Hubert Buch-Hansen
Search for other papers by Hubert Buch-Hansen in
Current site
Google Scholar
Max Koch
Search for other papers by Max Koch in
Current site
Google Scholar
, and
Iana Nesterova
Search for other papers by Iana Nesterova in
Current site
Google Scholar
Leaving the path towards eco-social collapse

Contemporary societies face multiple crises, most of which have the capitalist growth imperative as their root cause. Against this background, a fast-growing community of scholars and activists call for degrowth. The chapter accounts for the crises and notes that while the general idea of degrowth points in the right overall direction, it still lacks a solid foundation in the social sciences and their underpinning philosophies. Further to this, it highlights that degrowth transformations have yet to be theorised in a holistic manner, that is, in a manner systematically taking into consideration various interrelated and overlapping planes of social being, scales and sites on which transformations would have to unfold. The chapter proposes that the critical realist philosophy of science can underpin a theory of the deep transformations required for degrowth to materialise. The theory accounts for transformations on various planes (social interactions, social structures and transactions with nature and inner being), on multiple scales (local, national and global) and in different sites (civil society, states and business).

Contemporary societies face several deep and intertwined crises. The level of economic inequality has reached staggering heights. While a small elite has accumulated wealth on an unprecedented scale, many people lack the means to satisfy even their basic human needs. Economic and financial downturns only further these inequalities and divides. At the same time, democratic institutions are increasingly being undermined. Social scientists now contemplate how democracy will end (Runciman 2018), they speak of the rise of authoritarian forms of neoliberalism (Bruff 2014; Wigger 2019), and suggest that even in countries where democracy used to be strongly established, we find ourselves on the path towards post-democracy (Crouch 2016).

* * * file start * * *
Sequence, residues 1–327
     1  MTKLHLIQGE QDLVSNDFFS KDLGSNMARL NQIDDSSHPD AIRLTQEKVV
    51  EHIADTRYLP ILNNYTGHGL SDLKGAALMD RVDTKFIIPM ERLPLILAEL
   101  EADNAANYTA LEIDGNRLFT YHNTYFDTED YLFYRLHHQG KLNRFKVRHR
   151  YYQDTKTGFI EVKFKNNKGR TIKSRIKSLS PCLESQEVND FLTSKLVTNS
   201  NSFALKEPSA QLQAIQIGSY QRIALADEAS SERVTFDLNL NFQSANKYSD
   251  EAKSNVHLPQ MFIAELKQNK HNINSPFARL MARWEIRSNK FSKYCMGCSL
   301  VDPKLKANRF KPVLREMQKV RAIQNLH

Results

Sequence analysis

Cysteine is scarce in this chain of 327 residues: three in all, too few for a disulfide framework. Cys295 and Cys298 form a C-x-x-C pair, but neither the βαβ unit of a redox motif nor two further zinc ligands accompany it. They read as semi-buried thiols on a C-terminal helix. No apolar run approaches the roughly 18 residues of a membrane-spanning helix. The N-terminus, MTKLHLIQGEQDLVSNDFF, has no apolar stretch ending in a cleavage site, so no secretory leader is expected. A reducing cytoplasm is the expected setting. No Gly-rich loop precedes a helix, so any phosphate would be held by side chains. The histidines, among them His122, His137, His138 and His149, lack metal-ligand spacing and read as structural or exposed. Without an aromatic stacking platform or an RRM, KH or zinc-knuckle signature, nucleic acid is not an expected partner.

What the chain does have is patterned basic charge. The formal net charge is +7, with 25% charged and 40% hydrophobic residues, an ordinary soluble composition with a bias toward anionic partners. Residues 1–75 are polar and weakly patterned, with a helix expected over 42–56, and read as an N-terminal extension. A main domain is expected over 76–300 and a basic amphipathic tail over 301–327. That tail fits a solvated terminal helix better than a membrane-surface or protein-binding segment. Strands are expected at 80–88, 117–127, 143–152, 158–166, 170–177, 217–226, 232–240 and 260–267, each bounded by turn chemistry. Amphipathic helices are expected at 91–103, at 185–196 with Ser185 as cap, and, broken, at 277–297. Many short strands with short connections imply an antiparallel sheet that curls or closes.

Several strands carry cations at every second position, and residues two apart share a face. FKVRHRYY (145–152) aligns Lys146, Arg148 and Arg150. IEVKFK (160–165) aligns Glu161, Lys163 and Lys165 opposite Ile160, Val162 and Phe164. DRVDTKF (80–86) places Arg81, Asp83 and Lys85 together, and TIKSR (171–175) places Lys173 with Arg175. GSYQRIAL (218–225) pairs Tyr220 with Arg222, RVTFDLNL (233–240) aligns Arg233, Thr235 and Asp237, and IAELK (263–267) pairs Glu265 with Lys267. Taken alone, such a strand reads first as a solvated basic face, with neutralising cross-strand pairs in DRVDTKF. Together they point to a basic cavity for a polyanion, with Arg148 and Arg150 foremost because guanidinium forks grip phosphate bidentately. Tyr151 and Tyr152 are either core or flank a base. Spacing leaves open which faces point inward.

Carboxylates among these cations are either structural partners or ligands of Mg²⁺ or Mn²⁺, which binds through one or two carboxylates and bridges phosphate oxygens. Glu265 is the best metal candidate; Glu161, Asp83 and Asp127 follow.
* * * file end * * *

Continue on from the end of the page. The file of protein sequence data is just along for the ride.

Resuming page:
On top of social, health and political crises come the catastrophic ecological and biodiversity crises (Ceballos et al. 2015). A number of planetary boundaries, including climate change, loss of biosphere integrity, land-system change and biogeochemical cycles, are being transgressed (Steffen et al. 2015). Overall, then, contemporary societies exist within a complex constellation of deeply interrelated and mutually intensifying crises spanning multiple dimensions of being. An outcome of these crises is that the preconditions for human beings and other species to thrive – and indeed live – are rapidly being undermined.

The root cause of the crises, whether directly or indirectly, is the capitalist organisation of societies and the capitalist growth imperative central to this organisation (Foster et al. 2010). Capitalism is a system of human organisation which orientates all human activities and pursuits towards valorisation of capital (Gorz 2012). The engine of capitalism is the process of capital accumulation, that is, the microeconomic activity of reinvestment of past profits motivated by the desire to make more profits. This process translates into economic growth, upon which capitalism is structurally reliant for its functioning. The accumulate-or-die logic defining capitalism as an economic system creates a constant pressure to expand market relations into new domains and to intensify such relations where they already exist. The result is both the geographical spread of the capital relation, which has reached its culmination in globalised capitalism, and the ever-deeper exploitation of human beings and nature. Even spiritual traditions and practices such as mindfulness and meditation are not immune to commercialisation and utilisation for the purpose of increased labour productivity (Purser 2019).

Seen in a historical perspective, the climate and biodiversity crises are inevitable outcomes of the functioning of capitalism. The global economy’s long-term exponential growth has resulted in an economy that is far too large relative to the biosphere and thus grossly unsustainable (Koch 2012). While capitalism is pervaded by several contradictions (Harvey 2014), today the main contradiction in the capital relation is that between capital and nature (Jessop and Morgan 2022). Latouche (2009: 2) observes that we find ourselves in ‘a performance car that has no driver, no reverse gear and no brakes and it is going to slam into the limitations of the planet’. One would perhaps think that this situation would prompt large electoral majorities, policymakers, economists, investors, business associations and labour unions to seriously take stock of the situation and consider whether the time has come to replace the ‘car’ (capitalism) with an altogether different model. Yet, while awareness of the looming ecological collapse has increased in recent times, the pro-growth discourse remains hegemonic. According to the currently prevailing perception, the only viable way forward is to pursue so-called green growth, that is, continued economic growth combined with protection of ‘environmental services’. Underlying this notion is a fundamental optimism as to what technologies and capitalist markets can accomplish. New innovations coupled with various forms of market-based solutions are expected to lead to greener production, greener jobs, greener consumption and greener growth, all of which will reduce inequalities and environmental impacts – not least CO2 emissions.1